My mother bought some tulips to plant in an area that was already
designated for other things... so they were put in pots out in the
sun... they were forgotten about by me, while I was setting up the rest
of the garden, and since nobody else was thinking of them, they dried
up.... Then they were watered, and subjected to a 3 day rainstorm that
knocked them down - as well as the fact that there weren't drain holes
in the pots, so they were overwatered. One of these several things
made the parts above ground die.
My question is - living in south Mississippi, there is enough growing
season to start over... how should the bulbs be prepared to do this? I
am not familiar with bulbs, so I really have no clue as to what to do...
Tulips are not good perennials in Mississippi. They need 6 - 8 weeks
of real winter cold, so you would need to buy any new tulip bulbs in
the fall, chill them in a paper bag in your fridge 6 - 8 weeks, then
plant outside or in pots. They will then bloom. Once the leaves have
died back in late spring, you either dig them up to store or toss.
As for your current set, I doubt there's much life left.
Hi Bear Drummer,
If I'm understanding you the bulbs sprouted, didn't bloom, got drowne
and now are laying flat? I would suggest that you take them out of th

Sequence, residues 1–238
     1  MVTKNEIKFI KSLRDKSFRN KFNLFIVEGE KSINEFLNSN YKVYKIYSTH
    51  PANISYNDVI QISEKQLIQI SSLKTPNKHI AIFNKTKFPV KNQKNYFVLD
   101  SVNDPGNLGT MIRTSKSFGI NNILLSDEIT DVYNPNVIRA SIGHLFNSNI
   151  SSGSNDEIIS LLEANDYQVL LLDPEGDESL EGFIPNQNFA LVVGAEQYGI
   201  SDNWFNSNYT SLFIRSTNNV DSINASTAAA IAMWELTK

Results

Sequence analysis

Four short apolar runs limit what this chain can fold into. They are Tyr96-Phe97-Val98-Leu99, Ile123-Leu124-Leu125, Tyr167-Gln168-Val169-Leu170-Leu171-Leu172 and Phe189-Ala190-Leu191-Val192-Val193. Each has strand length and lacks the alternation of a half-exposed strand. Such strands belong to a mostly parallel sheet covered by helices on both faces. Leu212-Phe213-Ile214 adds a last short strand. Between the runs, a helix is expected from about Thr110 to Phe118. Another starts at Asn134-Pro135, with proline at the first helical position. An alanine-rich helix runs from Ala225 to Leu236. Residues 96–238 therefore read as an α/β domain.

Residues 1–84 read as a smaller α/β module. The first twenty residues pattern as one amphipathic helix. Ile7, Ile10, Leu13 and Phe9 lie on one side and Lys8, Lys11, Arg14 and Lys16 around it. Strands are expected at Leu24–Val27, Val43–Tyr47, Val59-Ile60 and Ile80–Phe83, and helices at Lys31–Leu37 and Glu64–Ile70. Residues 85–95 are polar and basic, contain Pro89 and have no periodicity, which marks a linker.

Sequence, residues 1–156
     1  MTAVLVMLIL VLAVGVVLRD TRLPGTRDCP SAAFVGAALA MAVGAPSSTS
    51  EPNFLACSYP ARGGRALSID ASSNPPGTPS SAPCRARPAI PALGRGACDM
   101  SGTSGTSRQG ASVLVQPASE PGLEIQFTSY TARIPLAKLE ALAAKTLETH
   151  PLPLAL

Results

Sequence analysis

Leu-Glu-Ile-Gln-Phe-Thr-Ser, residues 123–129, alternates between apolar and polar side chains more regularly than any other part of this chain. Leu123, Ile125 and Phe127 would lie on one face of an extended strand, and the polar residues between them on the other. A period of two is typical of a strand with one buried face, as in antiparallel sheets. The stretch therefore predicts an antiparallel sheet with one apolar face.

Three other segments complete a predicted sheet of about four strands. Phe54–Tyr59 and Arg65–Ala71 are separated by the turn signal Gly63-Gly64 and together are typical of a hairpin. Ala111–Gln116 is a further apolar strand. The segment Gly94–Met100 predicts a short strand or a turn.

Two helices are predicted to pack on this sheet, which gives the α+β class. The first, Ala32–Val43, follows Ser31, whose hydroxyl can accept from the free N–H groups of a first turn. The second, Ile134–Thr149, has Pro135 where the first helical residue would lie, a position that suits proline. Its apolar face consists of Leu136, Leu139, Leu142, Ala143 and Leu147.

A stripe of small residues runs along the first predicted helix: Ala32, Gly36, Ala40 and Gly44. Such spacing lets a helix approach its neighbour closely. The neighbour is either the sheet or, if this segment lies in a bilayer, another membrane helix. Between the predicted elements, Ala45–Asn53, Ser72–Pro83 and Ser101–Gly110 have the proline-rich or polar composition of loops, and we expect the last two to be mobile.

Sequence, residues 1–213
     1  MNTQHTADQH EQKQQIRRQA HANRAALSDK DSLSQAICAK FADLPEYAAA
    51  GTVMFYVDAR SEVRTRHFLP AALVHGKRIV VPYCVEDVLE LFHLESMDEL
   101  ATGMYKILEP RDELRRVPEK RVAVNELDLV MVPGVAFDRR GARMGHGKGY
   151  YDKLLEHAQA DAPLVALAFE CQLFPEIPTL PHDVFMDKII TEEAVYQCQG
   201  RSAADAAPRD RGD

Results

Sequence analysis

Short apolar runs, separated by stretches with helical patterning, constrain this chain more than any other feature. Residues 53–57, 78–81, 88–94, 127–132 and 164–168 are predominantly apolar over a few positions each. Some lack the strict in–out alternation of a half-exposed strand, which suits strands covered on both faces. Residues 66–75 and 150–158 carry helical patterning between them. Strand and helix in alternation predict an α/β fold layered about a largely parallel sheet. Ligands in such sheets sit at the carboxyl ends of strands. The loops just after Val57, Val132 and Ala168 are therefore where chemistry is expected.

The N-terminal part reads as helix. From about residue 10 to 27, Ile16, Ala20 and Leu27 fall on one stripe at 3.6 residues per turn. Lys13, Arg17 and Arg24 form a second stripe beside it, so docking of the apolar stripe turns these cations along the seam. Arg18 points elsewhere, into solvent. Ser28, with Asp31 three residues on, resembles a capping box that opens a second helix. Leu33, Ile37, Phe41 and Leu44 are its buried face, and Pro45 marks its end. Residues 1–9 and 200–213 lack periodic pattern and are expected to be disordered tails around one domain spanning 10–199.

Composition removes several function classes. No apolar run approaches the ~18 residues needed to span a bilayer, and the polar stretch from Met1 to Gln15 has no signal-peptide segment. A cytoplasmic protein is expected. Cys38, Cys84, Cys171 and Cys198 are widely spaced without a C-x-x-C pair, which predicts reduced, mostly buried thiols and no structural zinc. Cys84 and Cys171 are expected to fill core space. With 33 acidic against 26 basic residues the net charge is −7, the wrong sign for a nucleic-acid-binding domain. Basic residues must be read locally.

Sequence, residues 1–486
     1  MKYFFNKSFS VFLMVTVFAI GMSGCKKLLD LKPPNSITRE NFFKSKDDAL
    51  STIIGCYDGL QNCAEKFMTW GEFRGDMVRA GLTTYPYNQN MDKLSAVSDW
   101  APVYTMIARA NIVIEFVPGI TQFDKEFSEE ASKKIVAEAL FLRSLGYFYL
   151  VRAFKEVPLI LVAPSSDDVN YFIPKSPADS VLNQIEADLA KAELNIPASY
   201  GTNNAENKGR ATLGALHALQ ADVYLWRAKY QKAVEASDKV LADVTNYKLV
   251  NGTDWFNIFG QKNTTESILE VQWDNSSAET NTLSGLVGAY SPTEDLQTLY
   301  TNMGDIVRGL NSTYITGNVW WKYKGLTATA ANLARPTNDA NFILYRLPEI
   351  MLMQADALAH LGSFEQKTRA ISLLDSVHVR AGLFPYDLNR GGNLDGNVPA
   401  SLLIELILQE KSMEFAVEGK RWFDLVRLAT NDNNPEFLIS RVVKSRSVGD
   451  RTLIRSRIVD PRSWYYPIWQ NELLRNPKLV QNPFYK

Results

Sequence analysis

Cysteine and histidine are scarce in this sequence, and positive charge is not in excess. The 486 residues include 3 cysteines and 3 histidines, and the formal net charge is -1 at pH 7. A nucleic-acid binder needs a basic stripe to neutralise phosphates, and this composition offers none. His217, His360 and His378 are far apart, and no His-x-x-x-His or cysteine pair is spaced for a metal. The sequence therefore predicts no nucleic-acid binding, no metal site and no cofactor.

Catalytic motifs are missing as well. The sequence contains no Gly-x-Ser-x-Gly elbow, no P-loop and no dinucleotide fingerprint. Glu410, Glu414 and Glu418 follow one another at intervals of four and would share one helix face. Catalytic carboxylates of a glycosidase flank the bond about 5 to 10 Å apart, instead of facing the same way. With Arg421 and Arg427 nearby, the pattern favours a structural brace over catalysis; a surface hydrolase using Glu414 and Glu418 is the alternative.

pot and plant them in the ground now. If you leave them in the soakin
wet soil you risk them rotting. Plant them 8" to 10" deep. Let th
foilage turn yellow before you remove it even if they don't bloom a
this will feed the bulbs for next year's blooms. You may want to plan
them where something else that is coming up will cover their yellowin
My mother bought them already blooming... they are in 6 inch deep pots
right now... they were dehydrated, then overwatered - and the stems
have turned yellow... I am hoping that there is still something I can
do to save the bulbs, either for later this year, or next year...
fran was correct. Tulips will not come back in southern mississippi. Even if
the bulbs are not rotted (which is unlikely), they need to be stored dry and
relatively cool over the summer, and then chilled in the refrigerator for
6-8 weeks in late fall before planting in december. No one in his right mind
bothers to do this...LOL. Nurseries in the south will sell them pre-chilled
if you really want them. But you can grow amarylis outside as a perennial
bulb, and they are so much more spectacular. Northern gardeners would
sacrifice much to be able to have amaryllis blooming in their outdoor
gardens - but it just isn't in the cards. Neither are tulips in southern
mississippi, without a tremendous amount of effort every year.
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